It failed for one reason: the existence of the Porsche Boxster. The SLK 55 would lure you in with its giant lump of a V8 engine and the noises it made, but then you'd drive a Boxster and realize that the Merc felt like a wilted piece of celery in comparison. Finding a (decent) Boxster for less than $20k is impossible, which gives the SLK 55 the upper hand.
We don't want to slate it entirely because it is a highly charming vehicle, which can be yours for between $13k-$20k, depending on condition and mileage. We found a 2006 model with 78,000 miles on the clock for $150 shy of $20k.
The SLK 55 retained the usual Merc comforts, but the driving experience is dominated by the naturally aspirated 5.5-liter V8 that produces 355 hp. Because of its size, it feels like you're driving two seats bolted to a massive V8 engine, and that's cool.
General Motors produced the C5 between 1997 and 2004. There are loads of damaged models available because it predates intelligent stability control, but you can find a fine example for $20k.
Unfortunately, the Z06, with its tuned LS6 V8, is out of range, but the standard 5.7-liter LS1 produces between 345 hp and 350 hp. Models made in 2001 onward gain an additional five horses, which you can't feel anyway.
The C5 represents an old-school sports car recipe. It has a V8 in the front, a six-speed manual in the middle, and all the power goes to the rear. You'll find none of the fancy AWD stuff in the modern Corvette E-Ray.
If you can't do a burnout in a C5, there's no hope for you.
Let's get one thing straight before we begin: the Cadillac XLR was a terrible car when it was new. Built between 2003 and 2009, it was Caddy's attempt to go after the magnificent Mercedes-Benz SL. An XLR-V was introduced in 2005 with a supercharged 4.4-liter V8, meant to go after the Corvette Z06. It failed equally hard.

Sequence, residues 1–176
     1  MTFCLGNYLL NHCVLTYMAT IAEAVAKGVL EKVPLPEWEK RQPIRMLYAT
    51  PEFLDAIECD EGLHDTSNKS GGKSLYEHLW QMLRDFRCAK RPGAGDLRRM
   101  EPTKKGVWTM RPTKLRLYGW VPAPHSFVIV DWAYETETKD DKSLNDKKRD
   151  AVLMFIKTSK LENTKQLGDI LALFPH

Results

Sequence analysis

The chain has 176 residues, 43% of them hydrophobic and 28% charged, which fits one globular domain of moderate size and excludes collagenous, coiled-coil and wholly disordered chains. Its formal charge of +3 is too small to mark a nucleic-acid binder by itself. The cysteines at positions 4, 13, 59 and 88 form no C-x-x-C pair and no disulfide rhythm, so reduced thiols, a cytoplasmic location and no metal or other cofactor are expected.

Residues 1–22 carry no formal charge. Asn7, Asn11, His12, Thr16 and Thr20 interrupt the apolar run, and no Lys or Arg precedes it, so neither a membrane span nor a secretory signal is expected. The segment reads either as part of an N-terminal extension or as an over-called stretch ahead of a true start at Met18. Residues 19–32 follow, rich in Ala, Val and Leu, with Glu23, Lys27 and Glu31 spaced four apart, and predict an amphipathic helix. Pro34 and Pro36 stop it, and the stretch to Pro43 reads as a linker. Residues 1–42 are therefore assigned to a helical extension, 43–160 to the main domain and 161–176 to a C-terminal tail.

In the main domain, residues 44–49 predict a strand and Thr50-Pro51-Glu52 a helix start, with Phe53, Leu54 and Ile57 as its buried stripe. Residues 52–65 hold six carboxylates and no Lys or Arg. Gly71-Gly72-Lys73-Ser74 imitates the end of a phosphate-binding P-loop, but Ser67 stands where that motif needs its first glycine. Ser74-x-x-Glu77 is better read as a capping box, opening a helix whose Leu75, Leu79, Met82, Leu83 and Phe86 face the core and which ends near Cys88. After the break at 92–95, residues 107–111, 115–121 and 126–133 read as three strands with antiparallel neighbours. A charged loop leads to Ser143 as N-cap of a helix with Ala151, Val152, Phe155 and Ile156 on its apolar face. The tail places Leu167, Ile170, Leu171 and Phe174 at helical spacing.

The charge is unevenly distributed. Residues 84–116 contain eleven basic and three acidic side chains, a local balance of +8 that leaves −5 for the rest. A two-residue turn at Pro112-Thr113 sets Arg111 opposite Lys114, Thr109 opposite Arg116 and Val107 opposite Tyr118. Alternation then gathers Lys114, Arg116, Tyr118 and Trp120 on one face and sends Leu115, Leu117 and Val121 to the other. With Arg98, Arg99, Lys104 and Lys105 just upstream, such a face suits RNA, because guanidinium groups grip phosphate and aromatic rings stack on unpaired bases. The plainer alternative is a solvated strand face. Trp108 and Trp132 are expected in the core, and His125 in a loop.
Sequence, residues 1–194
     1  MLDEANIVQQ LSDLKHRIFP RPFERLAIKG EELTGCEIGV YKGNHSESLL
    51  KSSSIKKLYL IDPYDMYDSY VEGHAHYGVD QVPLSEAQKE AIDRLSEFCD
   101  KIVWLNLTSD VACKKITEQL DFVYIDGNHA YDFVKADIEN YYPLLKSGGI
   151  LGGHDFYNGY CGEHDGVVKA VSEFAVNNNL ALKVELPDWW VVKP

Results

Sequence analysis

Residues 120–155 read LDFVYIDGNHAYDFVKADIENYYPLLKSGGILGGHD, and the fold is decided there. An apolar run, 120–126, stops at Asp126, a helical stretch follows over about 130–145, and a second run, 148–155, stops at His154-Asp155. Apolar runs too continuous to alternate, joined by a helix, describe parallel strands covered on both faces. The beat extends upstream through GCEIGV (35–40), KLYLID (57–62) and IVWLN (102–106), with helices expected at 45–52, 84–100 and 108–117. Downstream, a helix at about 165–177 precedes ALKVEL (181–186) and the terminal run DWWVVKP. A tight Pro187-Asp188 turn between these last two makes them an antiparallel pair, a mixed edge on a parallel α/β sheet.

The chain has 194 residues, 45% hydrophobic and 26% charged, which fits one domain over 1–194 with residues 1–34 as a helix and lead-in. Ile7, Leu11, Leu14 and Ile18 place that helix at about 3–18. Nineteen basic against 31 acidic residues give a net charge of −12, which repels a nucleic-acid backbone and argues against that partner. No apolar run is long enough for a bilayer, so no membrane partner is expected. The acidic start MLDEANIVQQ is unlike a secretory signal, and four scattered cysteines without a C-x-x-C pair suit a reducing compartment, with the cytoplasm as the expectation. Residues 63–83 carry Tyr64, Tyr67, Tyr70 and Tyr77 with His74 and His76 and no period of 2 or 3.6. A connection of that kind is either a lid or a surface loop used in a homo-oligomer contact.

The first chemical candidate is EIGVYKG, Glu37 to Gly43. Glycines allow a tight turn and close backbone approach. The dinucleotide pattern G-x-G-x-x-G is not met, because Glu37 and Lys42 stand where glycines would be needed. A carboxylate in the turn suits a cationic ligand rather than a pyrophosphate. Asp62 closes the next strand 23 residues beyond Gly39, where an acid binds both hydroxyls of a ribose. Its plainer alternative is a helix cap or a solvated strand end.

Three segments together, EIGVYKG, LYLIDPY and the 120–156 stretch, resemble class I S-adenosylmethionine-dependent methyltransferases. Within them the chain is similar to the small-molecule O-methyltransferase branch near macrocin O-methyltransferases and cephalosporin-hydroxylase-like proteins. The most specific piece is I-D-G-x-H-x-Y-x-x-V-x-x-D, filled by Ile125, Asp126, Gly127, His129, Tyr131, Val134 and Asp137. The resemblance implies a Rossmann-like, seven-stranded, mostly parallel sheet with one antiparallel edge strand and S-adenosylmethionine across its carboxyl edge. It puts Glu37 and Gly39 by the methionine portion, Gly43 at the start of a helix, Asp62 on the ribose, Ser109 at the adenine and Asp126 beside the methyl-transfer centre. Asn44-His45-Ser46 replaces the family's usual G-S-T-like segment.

Because it sucked so much and almost nobody wanted one, you can pick one up for a song these days. You can get into a high-mileage example for roughly $14,000, while a late-model with 50k on the clock is between $18-$19k. That's a lot of luxury and speed for little money. The 4.6-liter Northstar V8 is good for 320 hp and 310 lb-ft of torque.
It's good fun in a straight line, but don't ask it to go around a corner. Also, the build quality is terrible. The XLR was an atrocious car when it was new, but you can forgive its shortcomings at these prices.
It doesn't matter which Mini you buy, as long as it has a John Cooper Works badge pasted to the rear. The only exception is the Countryman and its all-wheel-drive system. The two-door/five-door hatch and Clubman models are acceptable. You can even go for the infamous Coupe or Roadster if you can stomach the bone-jarring ride.
The best of the lot is the standard two-door hatch, however. For as little as $6,000, you can find a rough fixer-upper. For roughly $16,000, you can get the last of the 1.6-liter turbocharged four-cylinder models. The 2.0-liter turbocharged engine that replaced it only produced 20 hp more (up from 208 hp) and didn't have nearly as much character.
Having 208 hp in a car the size of a shoe, with a wheel at every corner, is a lot of fun. It doesn't handle like a go-kart (this myth needs to die), but it's right up there with the Megane RS as one of the finest FWD cars ever made.
Remember that PSA Peugeot Citroen and BMW co-developed the Prince engine (1.6). It's known for having timing chain issues, but preventative care can save you huge chunks of money.